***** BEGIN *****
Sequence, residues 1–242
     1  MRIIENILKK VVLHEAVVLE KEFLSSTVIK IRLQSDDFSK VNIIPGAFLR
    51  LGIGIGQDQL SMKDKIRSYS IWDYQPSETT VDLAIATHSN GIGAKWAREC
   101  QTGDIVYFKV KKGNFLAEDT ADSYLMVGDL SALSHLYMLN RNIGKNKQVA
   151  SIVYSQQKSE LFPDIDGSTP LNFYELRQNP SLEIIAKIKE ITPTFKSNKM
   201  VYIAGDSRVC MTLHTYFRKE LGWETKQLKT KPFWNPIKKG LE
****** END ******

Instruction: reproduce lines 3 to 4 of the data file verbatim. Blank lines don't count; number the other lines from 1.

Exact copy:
    51  LGIGIGQDQL SMKDKIRSYS IWDYQPSETT VDLAIATHSN GIGAKWAREC
   101  QTGDIVYFKV KKGNFLAEDT ADSYLMVGDL SALSHLYMLN RNIGKNKQVA